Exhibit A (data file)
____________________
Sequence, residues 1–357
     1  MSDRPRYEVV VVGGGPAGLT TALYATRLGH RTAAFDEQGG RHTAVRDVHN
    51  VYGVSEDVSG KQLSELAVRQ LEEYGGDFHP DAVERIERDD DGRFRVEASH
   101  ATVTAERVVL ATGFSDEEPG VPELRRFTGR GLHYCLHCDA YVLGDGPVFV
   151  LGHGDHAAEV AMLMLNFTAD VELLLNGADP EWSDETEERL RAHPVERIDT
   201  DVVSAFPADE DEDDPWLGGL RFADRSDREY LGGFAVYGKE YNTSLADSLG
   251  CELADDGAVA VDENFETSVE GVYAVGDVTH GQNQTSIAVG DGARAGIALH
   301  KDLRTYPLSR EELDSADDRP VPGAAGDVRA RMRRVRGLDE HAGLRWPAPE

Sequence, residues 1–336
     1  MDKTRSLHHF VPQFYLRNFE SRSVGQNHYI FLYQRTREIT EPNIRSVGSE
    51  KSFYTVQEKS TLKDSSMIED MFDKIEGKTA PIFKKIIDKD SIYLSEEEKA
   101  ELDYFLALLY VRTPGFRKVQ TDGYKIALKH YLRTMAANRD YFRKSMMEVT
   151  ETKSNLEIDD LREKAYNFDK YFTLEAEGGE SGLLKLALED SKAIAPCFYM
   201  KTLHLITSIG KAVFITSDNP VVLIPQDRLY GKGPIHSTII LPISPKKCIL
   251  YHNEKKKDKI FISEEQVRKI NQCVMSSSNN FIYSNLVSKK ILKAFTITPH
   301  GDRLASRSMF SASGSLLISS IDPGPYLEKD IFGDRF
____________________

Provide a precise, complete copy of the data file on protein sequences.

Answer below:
Sequence, residues 1–357
     1  MSDRPRYEVV VVGGGPAGLT TALYATRLGH RTAAFDEQGG RHTAVRDVHN
    51  VYGVSEDVSG KQLSELAVRQ LEEYGGDFHP DAVERIERDD DGRFRVEASH
   101  ATVTAERVVL ATGFSDEEPG VPELRRFTGR GLHYCLHCDA YVLGDGPVFV
   151  LGHGDHAAEV AMLMLNFTAD VELLLNGADP EWSDETEERL RAHPVERIDT
   201  DVVSAFPADE DEDDPWLGGL RFADRSDREY LGGFAVYGKE YNTSLADSLG
   251  CELADDGAVA VDENFETSVE GVYAVGDVTH GQNQTSIAVG DGARAGIALH
   301  KDLRTYPLSR EELDSADDRP VPGAAGDVRA RMRRVRGLDE HAGLRWPAPE

Sequence, residues 1–336
     1  MDKTRSLHHF VPQFYLRNFE SRSVGQNHYI FLYQRTREIT EPNIRSVGSE
    51  KSFYTVQEKS TLKDSSMIED MFDKIEGKTA PIFKKIIDKD SIYLSEEEKA
   101  ELDYFLALLY VRTPGFRKVQ TDGYKIALKH YLRTMAANRD YFRKSMMEVT
   151  ETKSNLEIDD LREKAYNFDK YFTLEAEGGE SGLLKLALED SKAIAPCFYM
   201  KTLHLITSIG KAVFITSDNP VVLIPQDRLY GKGPIHSTII LPISPKKCIL
   251  YHNEKKKDKI FISEEQVRKI NQCVMSSSNN FIYSNLVSKK ILKAFTITPH
   301  GDRLASRSMF SASGSLLISS IDPGPYLEKD IFGDRF